The problem with Wall Street greed 5 years after the crash
Amid the pious thinking about lessons learned after the great financial crisis five years ago, it's worth returning to the fork in the road, when Wall Street's fortunes began to separate from Main Street's prospects.
Beginning in the 1980s, investment banks got into the business of trading for their own accounts. "The ethical problems came when proprietary trading began to overshadow customer services," Michael Santoro, professor of business ethics at Rutgers University, wrote in his book, "Wall Street Values."
Greedy Wall Street behavior—as captured by Michael Douglas's Gordon Gekko in "Wall Street"—benefited the rest of us, to a certain extent. "When you're serving clients, greed can work," Santoro said. "If your profit is based on the prosperity of the client, what's good for your client is good for society."
But in the new financial world order, Wall Street greed is about just that—Wall Street's interests. "The problem on Wall Street today is greed is no longer working for everyone else because the interest of Wall Street is separated from the interest of the rest of society," Santoro said.
Some ethics experts and Wall Street watchers argue that the seeds of another catastrophic meltdown or massive taxpayer-funded bailout don't lie in bank capital requirements or regulations. It's about ethics. Values.
"At great cost, we learned that greed, unless tempered by good values, does not 'work' from a social perspective," according to Santoro.
Where are the 'perp' walks?
Plus, it's hard to believe Wall Street has reformed, when five years after Lehman's bankruptcy filing on Sept. 15, 2008, we still have no major "perp walk." Not a single senior executive from any Wall Street bank has faced criminal charges from the crisis. The absence of such prosecution has fueled feelings of unfairness.
Just asked Sherron Watkins.
She's the former Enron whistleblower who warned that the energy trader might implode in an accounting scandal. She's now a public speaker. "As I speak across the globe and reveal the two dozen felons from Enron with 12 doing prison time, the number one question is, 'Why no indictments, prosecution of the Wall Street scandals?' " Watkins said. "There is a palatable sense of injustice."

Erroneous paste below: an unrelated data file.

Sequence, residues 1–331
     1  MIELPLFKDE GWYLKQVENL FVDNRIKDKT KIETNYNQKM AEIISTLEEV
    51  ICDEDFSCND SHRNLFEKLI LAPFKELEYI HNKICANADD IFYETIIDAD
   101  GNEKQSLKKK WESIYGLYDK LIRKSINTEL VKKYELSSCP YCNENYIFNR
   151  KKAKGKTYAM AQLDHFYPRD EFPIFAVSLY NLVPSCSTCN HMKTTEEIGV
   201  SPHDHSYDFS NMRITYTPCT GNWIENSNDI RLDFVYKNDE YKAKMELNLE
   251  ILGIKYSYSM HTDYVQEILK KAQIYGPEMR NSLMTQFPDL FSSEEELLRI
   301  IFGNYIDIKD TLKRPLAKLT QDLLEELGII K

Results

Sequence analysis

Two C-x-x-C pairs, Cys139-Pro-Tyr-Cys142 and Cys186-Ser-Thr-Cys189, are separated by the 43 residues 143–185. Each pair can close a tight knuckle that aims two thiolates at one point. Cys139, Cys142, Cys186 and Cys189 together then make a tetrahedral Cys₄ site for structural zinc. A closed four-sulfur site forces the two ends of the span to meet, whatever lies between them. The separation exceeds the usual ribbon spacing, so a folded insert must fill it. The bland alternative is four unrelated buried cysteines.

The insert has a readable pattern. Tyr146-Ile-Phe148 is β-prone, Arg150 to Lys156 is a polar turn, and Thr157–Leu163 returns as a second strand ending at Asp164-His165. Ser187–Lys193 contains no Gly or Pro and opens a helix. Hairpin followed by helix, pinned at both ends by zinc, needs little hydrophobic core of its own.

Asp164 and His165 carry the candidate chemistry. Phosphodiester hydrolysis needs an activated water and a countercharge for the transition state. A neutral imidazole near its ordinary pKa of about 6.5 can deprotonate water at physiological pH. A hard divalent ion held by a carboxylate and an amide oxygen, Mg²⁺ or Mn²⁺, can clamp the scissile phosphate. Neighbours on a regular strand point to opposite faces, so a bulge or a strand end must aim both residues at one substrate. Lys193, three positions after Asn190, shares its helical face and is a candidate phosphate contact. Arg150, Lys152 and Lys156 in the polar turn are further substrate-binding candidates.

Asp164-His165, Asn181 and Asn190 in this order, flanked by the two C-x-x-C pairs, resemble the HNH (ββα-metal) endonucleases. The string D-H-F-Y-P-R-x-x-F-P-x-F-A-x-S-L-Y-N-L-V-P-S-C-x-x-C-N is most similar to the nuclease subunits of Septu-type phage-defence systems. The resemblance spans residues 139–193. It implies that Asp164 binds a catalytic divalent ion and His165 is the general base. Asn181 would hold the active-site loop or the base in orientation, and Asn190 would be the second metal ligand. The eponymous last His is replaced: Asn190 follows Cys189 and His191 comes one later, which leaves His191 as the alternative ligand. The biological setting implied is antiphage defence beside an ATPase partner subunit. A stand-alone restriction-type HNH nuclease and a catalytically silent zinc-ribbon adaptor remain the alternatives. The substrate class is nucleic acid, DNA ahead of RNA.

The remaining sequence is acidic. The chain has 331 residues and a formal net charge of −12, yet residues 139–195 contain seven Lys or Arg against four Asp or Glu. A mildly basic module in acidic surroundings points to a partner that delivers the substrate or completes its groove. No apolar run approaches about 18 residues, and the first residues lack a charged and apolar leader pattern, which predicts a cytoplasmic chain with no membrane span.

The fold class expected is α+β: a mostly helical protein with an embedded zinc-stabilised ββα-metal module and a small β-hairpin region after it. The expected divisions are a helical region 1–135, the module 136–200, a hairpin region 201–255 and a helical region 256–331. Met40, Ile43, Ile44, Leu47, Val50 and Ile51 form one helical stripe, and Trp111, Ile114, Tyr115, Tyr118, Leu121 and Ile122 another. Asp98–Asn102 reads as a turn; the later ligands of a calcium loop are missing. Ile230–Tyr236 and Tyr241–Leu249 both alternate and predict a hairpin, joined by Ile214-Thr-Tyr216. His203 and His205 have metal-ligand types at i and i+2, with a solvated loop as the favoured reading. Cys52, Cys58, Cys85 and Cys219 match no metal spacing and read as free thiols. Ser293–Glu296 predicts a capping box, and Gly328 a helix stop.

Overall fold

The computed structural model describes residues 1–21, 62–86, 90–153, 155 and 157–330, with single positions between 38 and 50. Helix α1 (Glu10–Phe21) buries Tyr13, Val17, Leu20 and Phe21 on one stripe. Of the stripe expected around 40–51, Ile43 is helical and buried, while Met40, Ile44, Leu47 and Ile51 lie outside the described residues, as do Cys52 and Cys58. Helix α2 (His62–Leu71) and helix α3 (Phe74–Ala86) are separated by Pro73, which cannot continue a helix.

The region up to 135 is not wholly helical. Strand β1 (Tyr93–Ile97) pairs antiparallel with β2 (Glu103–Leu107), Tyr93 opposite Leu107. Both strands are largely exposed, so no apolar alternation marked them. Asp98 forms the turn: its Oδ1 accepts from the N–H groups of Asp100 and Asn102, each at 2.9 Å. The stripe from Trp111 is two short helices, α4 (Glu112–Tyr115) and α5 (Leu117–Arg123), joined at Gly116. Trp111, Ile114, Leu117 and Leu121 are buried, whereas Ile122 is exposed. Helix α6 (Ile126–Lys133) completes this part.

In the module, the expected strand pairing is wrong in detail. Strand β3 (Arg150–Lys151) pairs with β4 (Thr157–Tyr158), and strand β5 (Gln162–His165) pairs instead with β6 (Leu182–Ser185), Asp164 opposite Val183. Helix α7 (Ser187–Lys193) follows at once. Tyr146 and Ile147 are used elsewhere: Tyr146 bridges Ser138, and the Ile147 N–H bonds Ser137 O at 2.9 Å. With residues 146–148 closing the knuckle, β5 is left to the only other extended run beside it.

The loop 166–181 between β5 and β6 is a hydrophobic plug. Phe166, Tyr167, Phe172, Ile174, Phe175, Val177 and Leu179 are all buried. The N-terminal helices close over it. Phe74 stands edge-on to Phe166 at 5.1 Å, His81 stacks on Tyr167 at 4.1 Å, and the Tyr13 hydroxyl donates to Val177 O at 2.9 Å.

Most Americans, meanwhile, are struggling. And it's this Main Street-Wall Street disconnect that's fueled disillusionment among pockets of Americans. There's diminished hope that the next generation will have it better, said Harvey Rosenblum, research director at the Federal Reserve Bank of Dallas. Separate research from the Fraser Institute shows U.S. economic freedom plummeting.
Talk of ethics and economic freedom sounds like academic fluff. But as any economist will tell you, individual perceptions about the economy, perceived opportunity and whether you can get a fair shake do influence consumer consumption and economic output.
Many eyes, meanwhile, are on the Department of Justice and Securities and Exchange Commission. "Wall Street is a high crime area and has been on a crime spree for years," said Dennis Kelleher, president and CEO of Better Markets, a nonprofit devoted to promoting public interest in the financial markets. "That has been enabled by the double standard of justice where Wall Street's too-big-to-fail banks and executives have been too-big-to-jail or even prosecute," Kelleher said in a statement.
(Read more: Dislike of Wall Street hasn't faded with crisis)
What the crisis and aftermath is costing Americans
While bank profits have recovered nicely since the crisis, most Americans are wading through a feeble recovery. In recent analysis on the costs and consequences of the 2007-09 financial meltdown, the Dallas Fed estimates an American household would have earned $50,000 to $120,000 if it weren't for the crisis, followed by the Great Recession—the worst U.S. decline since the 1930s.
(Read more: Crisis cost up to $14 trillion, Dallas Fed says)